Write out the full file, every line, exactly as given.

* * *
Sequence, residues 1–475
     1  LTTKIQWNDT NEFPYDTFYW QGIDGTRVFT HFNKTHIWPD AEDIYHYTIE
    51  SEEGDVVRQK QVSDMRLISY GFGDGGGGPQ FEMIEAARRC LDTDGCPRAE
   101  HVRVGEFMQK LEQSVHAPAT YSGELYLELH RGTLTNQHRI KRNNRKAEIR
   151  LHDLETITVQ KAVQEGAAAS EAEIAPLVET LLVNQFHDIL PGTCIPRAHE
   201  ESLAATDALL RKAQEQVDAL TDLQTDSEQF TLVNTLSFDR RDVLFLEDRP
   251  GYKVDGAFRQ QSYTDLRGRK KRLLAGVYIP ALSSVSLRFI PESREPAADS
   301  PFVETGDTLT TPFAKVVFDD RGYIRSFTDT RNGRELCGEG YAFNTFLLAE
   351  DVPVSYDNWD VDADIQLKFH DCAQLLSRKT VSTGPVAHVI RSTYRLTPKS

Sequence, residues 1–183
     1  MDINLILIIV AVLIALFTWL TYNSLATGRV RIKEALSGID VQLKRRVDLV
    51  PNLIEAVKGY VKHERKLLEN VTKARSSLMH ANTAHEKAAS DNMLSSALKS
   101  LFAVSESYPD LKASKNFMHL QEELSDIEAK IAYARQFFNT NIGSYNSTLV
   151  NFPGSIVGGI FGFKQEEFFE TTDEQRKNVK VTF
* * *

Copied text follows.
Sequence, residues 1–475
     1  LTTKIQWNDT NEFPYDTFYW QGIDGTRVFT HFNKTHIWPD AEDIYHYTIE
    51  SEEGDVVRQK QVSDMRLISY GFGDGGGGPQ FEMIEAARRC LDTDGCPRAE
   101  HVRVGEFMQK LEQSVHAPAT YSGELYLELH RGTLTNQHRI KRNNRKAEIR
   151  LHDLETITVQ KAVQEGAAAS EAEIAPLVET LLVNQFHDIL PGTCIPRAHE
   201  ESLAATDALL RKAQEQVDAL TDLQTDSEQF TLVNTLSFDR RDVLFLEDRP
   251  GYKVDGAFRQ QSYTDLRGRK KRLLAGVYIP ALSSVSLRFI PESREPAADS
   301  PFVETGDTLT TPFAKVVFDD RGYIRSFTDT RNGRELCGEG YAFNTFLLAE
   351  DVPVSYDNWD VDADIQLKFH DCAQLLSRKT VSTGPVAHVI RSTYRLTPKS

Sequence, residues 1–183
     1  MDINLILIIV AVLIALFTWL TYNSLATGRV RIKEALSGID VQLKRRVDLV
    51  PNLIEAVKGY VKHERKLLEN VTKARSSLMH ANTAHEKAAS DNMLSSALKS
   101  LFAVSESYPD LKASKNFMHL QEELSDIEAK IAYARQFFNT NIGSYNSTLV
   151  NFPGSIVGGI FGFKQEEFFE TTDEQRKNVK VTF